7 Ways Leaders Frustrate Their Teams

No leader sets out to frustrate their team. Yet, chances are we do it everyday. Or, at least we do it often. We are human. Every leader makes mistakes like everyone else does.

One of my favorite verses is in the book of James. “Elijah was a man just like us.” (James 5:17) The great prophet of God was human. Normal. Not perfect.

Thank you, God for the reminder I’m not supposed to be perfect.

There are, however, some common things, which cause frustrations on the teams we lead. If we can learn them – and attempt to avoid though – we can do less frustrating.

7 ways leaders frustrate their teams:

Having unnecessary rules. – Rules are necessary. That is, unless they’re not. Unneeded rules are a pain to everyone – even the rule-mongers trying to enforce them. The way to control people to some leaders is to write more rules. But, the way to empower people is to only write rules, which promote progress.

Limiting communication. Don’t let people know what you are thinking. Keep them guessing, which means they will also be a little paranoid. And, their fear will impact the entire team.

Micro-analyzing everything. When the leader has to monitor everything, know about everything, be included in every discussion, and has a strong opinion about everything, it makes people feel very unimportant – and unnecessary.

Using unpredictable leadership. Here’s just one example of how they (we) do it. They introduce an idea, get everyone excited about it, and then just as the team gets on board they forget all about it next week, because they are excited about something new. Frustration ensues every time. It’s frustrating to try and follow a leader when you can never discern what the leader gets most excited about or what they are thinking.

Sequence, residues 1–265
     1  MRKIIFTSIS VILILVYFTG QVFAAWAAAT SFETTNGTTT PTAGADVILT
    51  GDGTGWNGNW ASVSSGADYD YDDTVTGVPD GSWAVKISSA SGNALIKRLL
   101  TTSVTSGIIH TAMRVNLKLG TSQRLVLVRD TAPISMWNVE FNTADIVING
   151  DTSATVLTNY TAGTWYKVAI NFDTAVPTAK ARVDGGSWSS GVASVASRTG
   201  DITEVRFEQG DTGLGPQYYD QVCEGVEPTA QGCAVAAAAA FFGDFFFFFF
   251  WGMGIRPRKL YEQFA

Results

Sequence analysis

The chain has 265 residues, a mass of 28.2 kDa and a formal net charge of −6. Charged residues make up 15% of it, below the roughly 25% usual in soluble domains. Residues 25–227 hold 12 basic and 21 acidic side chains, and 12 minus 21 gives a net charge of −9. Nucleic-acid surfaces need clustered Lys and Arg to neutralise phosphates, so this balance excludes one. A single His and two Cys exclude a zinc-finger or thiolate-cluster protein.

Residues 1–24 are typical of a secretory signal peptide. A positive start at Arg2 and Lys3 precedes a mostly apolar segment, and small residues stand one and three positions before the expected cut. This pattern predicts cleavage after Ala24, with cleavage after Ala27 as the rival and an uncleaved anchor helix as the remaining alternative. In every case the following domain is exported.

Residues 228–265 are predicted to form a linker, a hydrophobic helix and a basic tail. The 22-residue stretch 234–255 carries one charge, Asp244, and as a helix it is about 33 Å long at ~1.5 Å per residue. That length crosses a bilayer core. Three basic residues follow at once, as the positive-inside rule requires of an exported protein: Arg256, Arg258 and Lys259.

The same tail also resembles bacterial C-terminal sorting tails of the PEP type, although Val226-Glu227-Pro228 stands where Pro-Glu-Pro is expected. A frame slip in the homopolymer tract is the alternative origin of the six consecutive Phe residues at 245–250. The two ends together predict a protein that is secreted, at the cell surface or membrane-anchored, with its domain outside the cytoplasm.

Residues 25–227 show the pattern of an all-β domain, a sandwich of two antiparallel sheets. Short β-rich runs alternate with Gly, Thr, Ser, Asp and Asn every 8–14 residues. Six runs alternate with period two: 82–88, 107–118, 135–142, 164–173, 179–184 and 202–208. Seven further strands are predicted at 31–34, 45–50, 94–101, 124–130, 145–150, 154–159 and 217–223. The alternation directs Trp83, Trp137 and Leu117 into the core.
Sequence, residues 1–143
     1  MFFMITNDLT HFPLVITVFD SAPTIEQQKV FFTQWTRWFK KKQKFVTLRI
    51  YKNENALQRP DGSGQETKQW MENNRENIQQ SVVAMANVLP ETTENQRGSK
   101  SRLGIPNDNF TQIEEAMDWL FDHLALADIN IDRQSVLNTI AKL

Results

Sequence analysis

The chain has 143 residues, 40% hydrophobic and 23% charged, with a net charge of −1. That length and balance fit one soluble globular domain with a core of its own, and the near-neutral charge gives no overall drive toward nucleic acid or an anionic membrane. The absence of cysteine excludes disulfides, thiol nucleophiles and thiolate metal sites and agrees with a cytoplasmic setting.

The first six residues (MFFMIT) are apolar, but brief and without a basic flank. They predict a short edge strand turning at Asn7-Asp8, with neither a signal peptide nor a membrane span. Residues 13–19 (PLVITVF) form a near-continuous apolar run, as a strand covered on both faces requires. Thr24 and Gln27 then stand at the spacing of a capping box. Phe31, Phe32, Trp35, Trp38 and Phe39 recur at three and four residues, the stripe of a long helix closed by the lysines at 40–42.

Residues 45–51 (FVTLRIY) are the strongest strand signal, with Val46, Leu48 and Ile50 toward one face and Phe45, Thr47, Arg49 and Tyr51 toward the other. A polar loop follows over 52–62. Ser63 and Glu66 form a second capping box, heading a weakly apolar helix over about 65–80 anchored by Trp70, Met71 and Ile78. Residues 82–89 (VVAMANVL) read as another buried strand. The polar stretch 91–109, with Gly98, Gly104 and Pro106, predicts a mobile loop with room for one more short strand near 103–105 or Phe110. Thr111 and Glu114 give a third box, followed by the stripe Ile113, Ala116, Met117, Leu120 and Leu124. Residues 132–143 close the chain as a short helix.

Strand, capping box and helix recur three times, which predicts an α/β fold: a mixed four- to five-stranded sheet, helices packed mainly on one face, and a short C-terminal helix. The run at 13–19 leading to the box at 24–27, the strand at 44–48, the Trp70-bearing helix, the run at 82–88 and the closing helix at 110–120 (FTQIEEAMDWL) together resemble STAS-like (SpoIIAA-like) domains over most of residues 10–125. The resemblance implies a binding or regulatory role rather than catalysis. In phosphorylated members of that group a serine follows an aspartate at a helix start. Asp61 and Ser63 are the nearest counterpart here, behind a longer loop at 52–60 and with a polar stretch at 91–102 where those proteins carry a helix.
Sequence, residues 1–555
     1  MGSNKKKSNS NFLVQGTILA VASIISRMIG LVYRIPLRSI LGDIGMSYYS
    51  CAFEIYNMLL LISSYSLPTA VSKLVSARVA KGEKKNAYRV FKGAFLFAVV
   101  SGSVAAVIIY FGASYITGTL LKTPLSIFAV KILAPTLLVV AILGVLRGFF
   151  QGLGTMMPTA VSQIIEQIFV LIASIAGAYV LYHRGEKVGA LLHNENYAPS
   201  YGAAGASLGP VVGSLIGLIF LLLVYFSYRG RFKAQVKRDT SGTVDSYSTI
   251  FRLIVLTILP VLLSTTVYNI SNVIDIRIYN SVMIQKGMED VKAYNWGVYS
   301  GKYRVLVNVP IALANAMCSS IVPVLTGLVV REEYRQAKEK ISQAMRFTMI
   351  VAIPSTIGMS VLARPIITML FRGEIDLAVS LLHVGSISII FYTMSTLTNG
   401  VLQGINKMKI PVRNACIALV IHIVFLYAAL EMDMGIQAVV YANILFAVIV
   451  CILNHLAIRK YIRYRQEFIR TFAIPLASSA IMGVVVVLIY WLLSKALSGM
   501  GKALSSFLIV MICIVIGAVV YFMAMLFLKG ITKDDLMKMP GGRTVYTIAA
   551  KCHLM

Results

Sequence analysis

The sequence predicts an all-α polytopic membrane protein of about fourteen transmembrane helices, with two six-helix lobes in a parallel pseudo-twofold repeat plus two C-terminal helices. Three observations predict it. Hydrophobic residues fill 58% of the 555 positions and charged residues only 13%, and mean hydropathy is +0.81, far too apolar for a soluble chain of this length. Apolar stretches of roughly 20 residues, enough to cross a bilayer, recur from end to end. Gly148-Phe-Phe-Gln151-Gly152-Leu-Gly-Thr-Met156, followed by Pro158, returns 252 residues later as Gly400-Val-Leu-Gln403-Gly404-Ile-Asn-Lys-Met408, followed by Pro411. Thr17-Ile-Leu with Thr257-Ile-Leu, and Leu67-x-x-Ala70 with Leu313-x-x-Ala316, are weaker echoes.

Allowing silo competition. The leader who encourages competition among people who are supposed to be a team often frustrate more than they encourage progress. Competition can be a good thing, if it spurs people to greater heights. When it divides people, rather than causing to work together, it invites frustration.

Devaluing community spirit. The leader causes frustration when no one has an opportunity to get to know each other outside of work. When fun is downplayed and everything is “work” it becomes job for which you earn a paycheck more than a passion for which you strive to achieve. This is especially true when no one gets to really know the leader outside of work.

Only celebrating what’s next. It’s frustrating to a team when the leader only talks about the future. And, it’s certainly frustrating when the past – even the great days of the past, are completely forgotten. The leader who never fully embraces the moment and doesn’t see the good others are doing today – when the leaders keeps pushing for more, more, more – frustrating.

I’ve been guilty of many (okay most) of these at one time or another. And I’m sure there are many more frustrating things I’ve done as a leader.

Leader, how about you?

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Ron Edmondson

Author Ron Edmondson

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Join the discussion 4 Comments

  • […] 7 Ways Leaders Frustrate Their Teams by Ron Edmondson […]

  • […] Ron Edmondson lists seven things that every leader should avoid doing: […]

  • jimpemberton says:

    One frustration I've noticed has been the perception by either the leader or whoever hired the leader that at least a couple of these constitutes good leadership, particularly Unnecessary Rules and Microanalyzing. Oddly, I have frustrated people who called into question my leadership abilities by not making rules that they thought should be made or by not micromanaging people that others thought should be micromanaged. The best thing for a team is build trust and you don't do that by demonstrating that you don't trust them by requiring unnecessary accountability. You need good accountability, but not when it stifles people being able to contribute by accomplishing the mission using their God-given talents the way he gave them. Rather, you want to facilitate a solid team by creating an organizational structure that recognizes people's strengths and weaknesses and focuses them toward accomplishing the purpose of the team.

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